If you like what's in the Peavey, why not try to put that into your Carvin if it's J + J (AFAIK, you'd have to forego the P but if you're interested in a P sound, Carvin isn't your kind of pickup anyhow) and have the benefit of a better build all told?
  9. nirvanafan13


    Apr 14, 2000
    Austin, TX
    I recently decided I wanted a Jazz bass for my stable, which, at the time, consisted of an MTD USA 635, Warwick Fortress I Fretless, and a Fender MIA Standard P-Bass (in a killer translucent orange finish that I love!)

    I went shopping at the local Guitar Center. They have more Jazz basses than anything, so I got to play everything from Squier Vintage Modified's ($280 brand new) to Fender Standard Jazz, Deluxe Jazz (old and new models, around $2,000-ish) to custom shop 70's re-issues (closer to $3,500).

    I wanted to get the one I was most happy with, and I didn't consider price. If I fell in love with a Custom Shop I'd save my pennies and get it.

    I got the $280 Vintage Modified. It blew away every other bass there (there was about 20, probably 16 of them Fenders, 10 of those Americans). I now play it almost as much as my MTD.

    Case in point: if it feels right, and sounds right (especially in the mix), go with it. If it just doesn't do it for you, pass it by!

    Congrats with the cheap find, by the way!
  10. jmattbassplaya

    jmattbassplaya Supporting Member

    Jan 13, 2008
    To be fair, my Squier Jazz might give my MIA Fender a run for its money, but my EBMM StingRay or Modulus Q5 not so much :D

    Still, there are fantastic budget instruments out there that I would proudly play if I had no other option. But since I do I definitely won't shy away from some of the more expensive brands :)
  11. Gintaras


    Dec 11, 2004
    Kent Island, Md.
    Last year I bought a beatup 92 Peavey Fury. Fixed it up and put on a badass bridge that was laying around. Thou the stock pickup was really nice I still went and replaced it with a Bill Lawrence P. This is the bass that I play most of the time.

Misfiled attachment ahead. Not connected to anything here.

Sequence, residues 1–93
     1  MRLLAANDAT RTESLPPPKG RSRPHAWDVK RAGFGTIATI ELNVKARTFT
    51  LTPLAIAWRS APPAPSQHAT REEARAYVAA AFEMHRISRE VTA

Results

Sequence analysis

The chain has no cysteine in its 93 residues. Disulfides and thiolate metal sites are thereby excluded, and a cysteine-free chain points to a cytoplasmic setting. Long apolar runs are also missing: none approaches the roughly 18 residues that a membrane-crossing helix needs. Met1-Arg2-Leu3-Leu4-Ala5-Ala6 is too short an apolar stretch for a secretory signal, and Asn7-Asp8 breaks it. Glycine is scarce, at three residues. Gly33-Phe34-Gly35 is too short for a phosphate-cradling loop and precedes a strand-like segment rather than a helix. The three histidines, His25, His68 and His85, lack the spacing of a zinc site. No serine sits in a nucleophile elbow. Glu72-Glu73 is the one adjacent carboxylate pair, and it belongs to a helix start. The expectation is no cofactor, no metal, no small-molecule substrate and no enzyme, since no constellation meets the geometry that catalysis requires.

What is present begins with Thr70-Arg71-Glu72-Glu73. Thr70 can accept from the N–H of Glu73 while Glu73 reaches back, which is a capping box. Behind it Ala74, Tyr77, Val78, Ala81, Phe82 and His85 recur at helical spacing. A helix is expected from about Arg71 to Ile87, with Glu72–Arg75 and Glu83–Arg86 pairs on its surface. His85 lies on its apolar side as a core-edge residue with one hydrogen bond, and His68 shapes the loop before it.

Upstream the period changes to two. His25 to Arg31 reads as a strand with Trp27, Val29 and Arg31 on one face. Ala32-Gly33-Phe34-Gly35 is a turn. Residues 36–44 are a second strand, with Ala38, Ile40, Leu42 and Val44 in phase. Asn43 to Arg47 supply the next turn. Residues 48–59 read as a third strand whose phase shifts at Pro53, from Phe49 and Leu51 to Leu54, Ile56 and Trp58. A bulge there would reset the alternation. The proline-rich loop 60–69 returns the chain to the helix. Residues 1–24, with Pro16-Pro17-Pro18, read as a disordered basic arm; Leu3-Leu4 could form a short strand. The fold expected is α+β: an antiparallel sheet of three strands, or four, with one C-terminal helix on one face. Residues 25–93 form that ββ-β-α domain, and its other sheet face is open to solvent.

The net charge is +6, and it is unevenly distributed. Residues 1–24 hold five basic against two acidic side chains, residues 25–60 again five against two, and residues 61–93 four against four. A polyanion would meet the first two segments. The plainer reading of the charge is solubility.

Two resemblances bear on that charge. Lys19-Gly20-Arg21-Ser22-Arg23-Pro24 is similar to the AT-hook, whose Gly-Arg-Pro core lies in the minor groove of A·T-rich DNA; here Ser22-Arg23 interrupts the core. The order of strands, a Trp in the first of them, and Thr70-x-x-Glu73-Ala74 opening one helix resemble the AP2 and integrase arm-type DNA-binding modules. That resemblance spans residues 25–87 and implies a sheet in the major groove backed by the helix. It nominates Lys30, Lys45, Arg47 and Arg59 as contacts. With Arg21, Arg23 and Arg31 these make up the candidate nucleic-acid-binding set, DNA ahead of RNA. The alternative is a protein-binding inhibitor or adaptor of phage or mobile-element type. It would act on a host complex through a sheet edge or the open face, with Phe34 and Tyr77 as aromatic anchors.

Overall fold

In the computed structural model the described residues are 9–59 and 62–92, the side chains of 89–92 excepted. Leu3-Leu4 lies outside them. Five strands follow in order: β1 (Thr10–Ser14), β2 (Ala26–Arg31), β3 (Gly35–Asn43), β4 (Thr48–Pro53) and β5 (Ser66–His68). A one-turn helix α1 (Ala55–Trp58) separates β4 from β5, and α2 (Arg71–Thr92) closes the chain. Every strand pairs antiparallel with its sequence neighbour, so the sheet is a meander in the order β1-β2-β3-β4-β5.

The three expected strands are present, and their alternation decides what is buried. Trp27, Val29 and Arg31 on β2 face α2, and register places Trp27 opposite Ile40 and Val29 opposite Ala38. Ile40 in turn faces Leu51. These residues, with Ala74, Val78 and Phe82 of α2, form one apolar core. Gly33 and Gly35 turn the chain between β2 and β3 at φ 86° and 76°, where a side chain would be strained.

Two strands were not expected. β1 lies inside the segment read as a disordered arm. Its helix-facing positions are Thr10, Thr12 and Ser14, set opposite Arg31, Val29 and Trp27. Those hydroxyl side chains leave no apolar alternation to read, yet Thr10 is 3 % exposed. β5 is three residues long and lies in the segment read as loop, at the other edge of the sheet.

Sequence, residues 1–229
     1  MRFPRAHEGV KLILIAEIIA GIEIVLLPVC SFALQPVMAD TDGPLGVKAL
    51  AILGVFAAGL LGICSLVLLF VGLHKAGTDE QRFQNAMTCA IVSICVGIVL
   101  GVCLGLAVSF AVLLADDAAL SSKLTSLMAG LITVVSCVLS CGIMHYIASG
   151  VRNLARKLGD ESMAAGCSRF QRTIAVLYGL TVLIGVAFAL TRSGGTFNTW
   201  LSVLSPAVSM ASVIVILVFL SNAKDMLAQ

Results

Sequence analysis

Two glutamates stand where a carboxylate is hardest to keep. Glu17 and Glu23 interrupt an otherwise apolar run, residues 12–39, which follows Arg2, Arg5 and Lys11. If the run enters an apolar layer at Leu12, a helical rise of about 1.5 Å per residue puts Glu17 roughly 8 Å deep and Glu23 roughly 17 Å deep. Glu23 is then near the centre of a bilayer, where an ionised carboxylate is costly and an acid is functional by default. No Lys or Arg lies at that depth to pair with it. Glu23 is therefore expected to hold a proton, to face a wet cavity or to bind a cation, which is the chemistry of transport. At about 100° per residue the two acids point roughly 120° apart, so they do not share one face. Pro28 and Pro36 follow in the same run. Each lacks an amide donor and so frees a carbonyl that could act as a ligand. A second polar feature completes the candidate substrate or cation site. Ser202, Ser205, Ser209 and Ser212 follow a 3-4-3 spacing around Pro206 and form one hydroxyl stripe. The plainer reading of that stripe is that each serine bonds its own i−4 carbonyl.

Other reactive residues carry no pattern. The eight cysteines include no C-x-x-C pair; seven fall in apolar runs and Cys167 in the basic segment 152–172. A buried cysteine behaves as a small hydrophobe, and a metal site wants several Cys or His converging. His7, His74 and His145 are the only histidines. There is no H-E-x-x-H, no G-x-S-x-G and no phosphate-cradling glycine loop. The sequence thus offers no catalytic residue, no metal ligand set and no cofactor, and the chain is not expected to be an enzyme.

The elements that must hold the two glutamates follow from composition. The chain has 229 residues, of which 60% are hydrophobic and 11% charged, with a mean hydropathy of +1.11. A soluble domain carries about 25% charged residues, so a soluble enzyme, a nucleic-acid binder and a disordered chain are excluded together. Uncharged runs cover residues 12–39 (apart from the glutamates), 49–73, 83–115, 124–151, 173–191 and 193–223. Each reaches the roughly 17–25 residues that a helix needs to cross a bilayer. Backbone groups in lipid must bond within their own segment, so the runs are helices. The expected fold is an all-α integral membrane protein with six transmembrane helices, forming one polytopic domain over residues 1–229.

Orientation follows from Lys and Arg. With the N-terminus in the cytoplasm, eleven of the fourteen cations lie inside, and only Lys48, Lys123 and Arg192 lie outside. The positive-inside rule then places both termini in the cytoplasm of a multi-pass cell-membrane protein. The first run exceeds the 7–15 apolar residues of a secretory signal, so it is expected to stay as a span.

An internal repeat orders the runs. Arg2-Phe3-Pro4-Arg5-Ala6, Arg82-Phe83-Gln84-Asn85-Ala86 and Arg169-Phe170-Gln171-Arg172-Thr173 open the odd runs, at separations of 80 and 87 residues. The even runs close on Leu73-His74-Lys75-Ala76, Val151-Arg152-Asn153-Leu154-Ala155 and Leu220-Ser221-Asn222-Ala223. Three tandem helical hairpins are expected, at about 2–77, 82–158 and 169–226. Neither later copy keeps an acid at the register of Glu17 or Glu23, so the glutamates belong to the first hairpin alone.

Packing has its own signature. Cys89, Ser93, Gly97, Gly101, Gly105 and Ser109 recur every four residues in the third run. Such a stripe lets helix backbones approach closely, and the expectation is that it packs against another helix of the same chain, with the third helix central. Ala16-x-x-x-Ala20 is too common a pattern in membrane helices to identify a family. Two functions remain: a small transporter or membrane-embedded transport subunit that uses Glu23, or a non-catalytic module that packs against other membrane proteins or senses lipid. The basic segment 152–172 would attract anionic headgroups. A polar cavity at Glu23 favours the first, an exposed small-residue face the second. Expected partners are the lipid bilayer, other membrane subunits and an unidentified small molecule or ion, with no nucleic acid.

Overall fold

12. BigOkie


    Nov 28, 2010
    Oklahoma City
    I understand what you mean. When I play my Carvin I love the feel and the "solidity" of the tone, un-amplified. Maybe that sounds stupid, but I think you all know what I mean. That's what makes me think replacing the pickups would be a good choice. I know Bartolini is a "name" pickup, but I have no really liked them since I bought the guitar, used, five years ago. They have no punch, even in active mode (though that is an improvement). The pickups are a Jazz type in the neck position and a Music Man type in the bridge. They are configured to be switchable between different modes that I can't really figure out except that they appear to be single coil and humbucker and single/humbucker or something like that. Anyway, I have been thinking of replacing them with some Seymour Duncans or Nordstrands.
  13. kdogg


    Nov 13, 2005
    Before you replace those barts, you might want to consider replacing the Carvin preamp. There are a lot of great options out there, almost all of them an improvement over the stock pre.
  14. jmooda


    Apr 3, 2012
    My MIA sub ray plays as good as an EBMM.
  15. solderjunkie


    Jan 27, 2008
    Nashville TN
    Try the Bartolini pups with passive wiring. Every Bartolini I've played has been thick and powerful, but only when wired passive. All it will cost is a couple of 250K pots and a couple of hours of your time.
  16. wvbass

    wvbass Supporting Member

    Mar 1, 2004
    West Virginia
    My MII SUB Ray5 plays as good as an EBMM.
  17. That's because your MIA sub ray IS an EBMM. It's a classic stingray before there was such a thing. For those who don't know this secret yet... ;-)
  18. BigOkie


    Nov 28, 2010
    Oklahoma City
    Great feedback, everyone! I really appreciate it. The suggestion to try replacing the preamp on the Carvin sounds like a pragmatic approach not requiring a lot of cash.
  19. Showdown


    Jan 21, 2002
    Honolulu, Hawaii
    Many years ago (late 90s) I played a couple of Fender Js, one MIA and one MIM, in a music store through the same amp. The MIM sounded better to my ears. Guess which one I bought? I played the heck out of that bass for several years until my back couldn't take it anymore (11 lbs.).